Because most philosophies that frown on reproduction don't survive.

Saturday, June 26, 2021

Reading While Parental

MrsDarwin and I were talking about Brideshead Revisited this morning.  It's one of our favorite novels.  Indeed, a copy of Brideshead was one of the first gifts that I gave MrsD back when were were college freshman.  

Now our eldest child is a college freshman, and we find ourselves in the position of trying guide adult and near-adult children on issues ranging from time management and study skills to romantic relationships and life plans.

I remember my Dad telling me that Brideshead as a deeply middle-aged book, and that perhaps I should not read it till I was older.  Nothing, of course, could make me more eager to read it, and so I read it and loved it in late high school.  I re-read it several times during college (I remember, in those early, slightly lonely days of freshman year when I didn't yet have enough friends or homework to take up all my time, sitting around the air-conditioned student center and reading Donna Tartt's Secret History, then Brideshead Revisited, and then Secret History again.

The reason I was sitting around binging on these novels as a college freshman was the tantalizing sense of a whole world unfolding through college learning and friendships both offered -- never mind the fact that both also focused on dark consequences unfolding from the overindulgence of those college temptations.  Tragic consequences and grand gestures definitely drew me in as themes when I was in my late teens and early twenties.

That element of Brideshead still appeals to me, thought I think it's come home to me much more over the years the extent to which Charles and Sebastian's idyllic college days are an illusion covering pain and emptiness.  But what we were discussing this morning was Lady Marchmain, Sebastian's mother, and a character who as a young reader seemed so obviously and totally misguided as to seem almost unbelievable.  

I have to say, as a parent with children who are now the age of Charles and Sebastian when we first meet them, Lady Marchmain's actions now seem a lot more explicable.  Not that she's right.  Indeed, in addition to her efforts to rein in Sebastian making his disfunctions worse, Waugh rightly sets her up for some savage satire of overly comfortable Christianity.  Her “it’s very unexpected for a camel to go through the eye of a needle, but the gospel is simply a catalogue of unexpected things. It’s not to be expected that an ox and an ass should worship at the crib. Animals are always doing the oddest things in the lives of the saints. It’s all party of the poetry, the Alice-in-Wonderland side, of religion,” monologue is perhaps one of the best send-ups of an attempt to use Chestertonian-style contradiction to justify doing whatever you like that I've ever read.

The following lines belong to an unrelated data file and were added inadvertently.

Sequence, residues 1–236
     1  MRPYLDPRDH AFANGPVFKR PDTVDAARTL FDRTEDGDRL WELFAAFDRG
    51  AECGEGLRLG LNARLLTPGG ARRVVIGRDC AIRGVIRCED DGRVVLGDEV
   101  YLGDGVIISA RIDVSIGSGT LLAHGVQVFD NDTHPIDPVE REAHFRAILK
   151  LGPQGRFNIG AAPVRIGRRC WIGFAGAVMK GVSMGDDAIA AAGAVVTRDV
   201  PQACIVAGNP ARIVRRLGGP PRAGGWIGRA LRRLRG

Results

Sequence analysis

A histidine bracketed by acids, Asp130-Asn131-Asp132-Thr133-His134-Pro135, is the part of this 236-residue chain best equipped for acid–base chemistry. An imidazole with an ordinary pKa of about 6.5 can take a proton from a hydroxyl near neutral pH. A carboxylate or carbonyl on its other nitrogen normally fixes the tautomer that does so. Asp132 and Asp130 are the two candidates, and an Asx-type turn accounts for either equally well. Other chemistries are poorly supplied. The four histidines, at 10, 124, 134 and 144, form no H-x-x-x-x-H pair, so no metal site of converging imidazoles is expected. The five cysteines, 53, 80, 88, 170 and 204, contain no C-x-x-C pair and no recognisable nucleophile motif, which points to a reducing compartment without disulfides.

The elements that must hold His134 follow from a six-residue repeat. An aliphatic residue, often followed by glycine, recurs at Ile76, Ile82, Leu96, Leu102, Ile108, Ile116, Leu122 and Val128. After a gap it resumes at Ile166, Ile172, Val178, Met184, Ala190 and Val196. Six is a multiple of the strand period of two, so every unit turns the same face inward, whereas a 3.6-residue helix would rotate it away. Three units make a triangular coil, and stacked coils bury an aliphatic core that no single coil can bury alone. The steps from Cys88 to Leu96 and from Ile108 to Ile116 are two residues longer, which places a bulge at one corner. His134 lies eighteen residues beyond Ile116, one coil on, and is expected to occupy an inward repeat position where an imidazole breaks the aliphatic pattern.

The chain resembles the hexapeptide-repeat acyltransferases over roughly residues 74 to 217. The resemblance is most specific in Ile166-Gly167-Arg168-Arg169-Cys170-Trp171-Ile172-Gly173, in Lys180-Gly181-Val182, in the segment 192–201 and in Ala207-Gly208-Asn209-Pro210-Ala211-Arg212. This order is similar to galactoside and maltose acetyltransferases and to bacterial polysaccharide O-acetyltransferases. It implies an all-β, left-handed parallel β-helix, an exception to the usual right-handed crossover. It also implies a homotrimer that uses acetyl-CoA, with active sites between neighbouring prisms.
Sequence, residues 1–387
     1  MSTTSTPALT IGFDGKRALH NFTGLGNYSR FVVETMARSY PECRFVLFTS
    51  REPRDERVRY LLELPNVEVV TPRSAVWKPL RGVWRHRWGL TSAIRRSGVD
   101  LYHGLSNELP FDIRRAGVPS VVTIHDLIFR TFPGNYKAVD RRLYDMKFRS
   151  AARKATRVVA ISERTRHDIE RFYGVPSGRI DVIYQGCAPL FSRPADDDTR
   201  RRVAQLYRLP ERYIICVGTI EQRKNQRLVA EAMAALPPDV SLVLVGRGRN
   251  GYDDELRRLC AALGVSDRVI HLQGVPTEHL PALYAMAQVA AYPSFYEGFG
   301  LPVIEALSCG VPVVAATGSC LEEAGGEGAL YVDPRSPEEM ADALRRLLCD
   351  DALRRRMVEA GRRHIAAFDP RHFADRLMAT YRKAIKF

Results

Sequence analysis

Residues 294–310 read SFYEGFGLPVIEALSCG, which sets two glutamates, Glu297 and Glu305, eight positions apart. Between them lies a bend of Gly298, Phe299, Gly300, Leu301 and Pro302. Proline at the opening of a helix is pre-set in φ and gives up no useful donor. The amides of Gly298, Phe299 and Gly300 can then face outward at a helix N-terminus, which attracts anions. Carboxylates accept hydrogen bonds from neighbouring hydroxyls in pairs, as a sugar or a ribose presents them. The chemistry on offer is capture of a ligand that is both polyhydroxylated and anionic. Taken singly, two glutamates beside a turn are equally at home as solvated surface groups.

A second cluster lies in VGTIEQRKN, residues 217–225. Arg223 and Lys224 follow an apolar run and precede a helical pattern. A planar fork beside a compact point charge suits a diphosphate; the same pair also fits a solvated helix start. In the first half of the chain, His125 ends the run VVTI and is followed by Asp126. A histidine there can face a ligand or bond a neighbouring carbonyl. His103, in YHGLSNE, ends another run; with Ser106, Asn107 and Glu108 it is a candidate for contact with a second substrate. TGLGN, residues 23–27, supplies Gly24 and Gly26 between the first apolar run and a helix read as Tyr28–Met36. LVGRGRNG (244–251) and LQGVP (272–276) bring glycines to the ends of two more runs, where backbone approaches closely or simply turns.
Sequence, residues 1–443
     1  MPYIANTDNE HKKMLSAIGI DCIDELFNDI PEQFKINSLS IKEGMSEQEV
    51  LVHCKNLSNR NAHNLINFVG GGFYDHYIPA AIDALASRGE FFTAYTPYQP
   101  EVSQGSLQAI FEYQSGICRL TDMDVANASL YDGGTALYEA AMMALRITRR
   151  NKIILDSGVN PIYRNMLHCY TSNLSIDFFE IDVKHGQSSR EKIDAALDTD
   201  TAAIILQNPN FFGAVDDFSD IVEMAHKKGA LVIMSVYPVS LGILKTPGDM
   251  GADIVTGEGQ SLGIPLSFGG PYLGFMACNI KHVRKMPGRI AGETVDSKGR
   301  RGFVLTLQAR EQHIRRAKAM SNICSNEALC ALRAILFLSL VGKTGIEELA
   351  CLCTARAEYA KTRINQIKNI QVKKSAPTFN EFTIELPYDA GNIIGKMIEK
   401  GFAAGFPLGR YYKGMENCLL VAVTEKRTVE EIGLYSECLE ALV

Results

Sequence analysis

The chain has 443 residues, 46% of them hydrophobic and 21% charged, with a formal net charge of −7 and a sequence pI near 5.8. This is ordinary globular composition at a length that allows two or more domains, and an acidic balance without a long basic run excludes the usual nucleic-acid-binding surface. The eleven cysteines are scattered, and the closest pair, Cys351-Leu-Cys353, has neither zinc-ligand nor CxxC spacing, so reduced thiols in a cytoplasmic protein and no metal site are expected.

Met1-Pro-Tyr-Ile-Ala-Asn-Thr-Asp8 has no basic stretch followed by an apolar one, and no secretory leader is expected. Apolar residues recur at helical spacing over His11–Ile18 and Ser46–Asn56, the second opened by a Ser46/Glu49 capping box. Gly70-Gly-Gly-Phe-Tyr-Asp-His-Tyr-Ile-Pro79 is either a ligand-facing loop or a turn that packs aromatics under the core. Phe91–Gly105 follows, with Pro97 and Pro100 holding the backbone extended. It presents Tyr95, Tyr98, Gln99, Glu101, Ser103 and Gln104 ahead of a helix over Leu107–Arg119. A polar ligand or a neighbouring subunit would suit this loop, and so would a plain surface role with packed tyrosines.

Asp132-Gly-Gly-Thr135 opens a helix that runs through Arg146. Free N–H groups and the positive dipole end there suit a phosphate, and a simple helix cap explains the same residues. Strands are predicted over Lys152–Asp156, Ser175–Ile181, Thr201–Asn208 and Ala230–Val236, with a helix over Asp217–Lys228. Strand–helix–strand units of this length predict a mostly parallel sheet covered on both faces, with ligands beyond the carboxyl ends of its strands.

But she seems a lot more true to life now.  I can readily understand feeling like you have all the answers to your children's problems if they would just listen.  When Sebastian is clearly in with a bad set at college (how else can one describe a social set that spans from Anthony Blance to Boy Malcaster?) she tries to get him to hang out with the Catholic student group.  When he's constantly cutting class and not doing school work, she tries to get him to become friends with the eagerly friendly don Mr. Samgrass.  When she sees that Charles is close to Sebastian, she tries to draw him into the family and get him to lead Sebastian towards better habits.  

None of these things work, and in many cases they make things worse, but they're the sort of things you can definitely imagine some nice mom in the parish doing.

Why is she so repeatedly unsuccessful in raising her children in the faith that means so much to her?

The bad example of her marriage is definitely a key aspect.  The children have been raised among the long distance tug of war between their separated parents, and that definitely undercuts Lady Marchmain's attempts to pass on her Catholic faith and the comfortable Edwardian lifestyle she sees as fitting so well with it.

That comfort with the union of faith and culture from her own youth is another of the problems.  She and her fondly remembered brother seem to have fit their faith and the template for worldly success together pretty well.  But Lady Marchmain seems to have little idea of how antithetical the world of high society debutantes she launches Julia into is to the life she hopes Julia will live, until the point where Julia is already far estranged from her faith and seeing Rex as the solution to her social status problems.  

Of course, all this involves doing a great deal of reading between the lines.  When we first meet Charles and Sebastian, Lady Marchmain is part of the inexplicable older generation.  And when we see Charles again in his 30s, Lady Marchmain is seen more through the lens of her effect on her children than as a fully rounded character.  

Waugh himself, when writing Brideshead, was 41, married, and had several children.  But he's inhabiting a younger set of characters and as the novel opens, "my theme is memory."  But this interplay between generations seems fascinating to me as I think about stories from my current vantage point.  I'm trying to think if there are any novels which do a particularly good job of  that mixture of insight and helplessness that afflicts the parent of a new adult.

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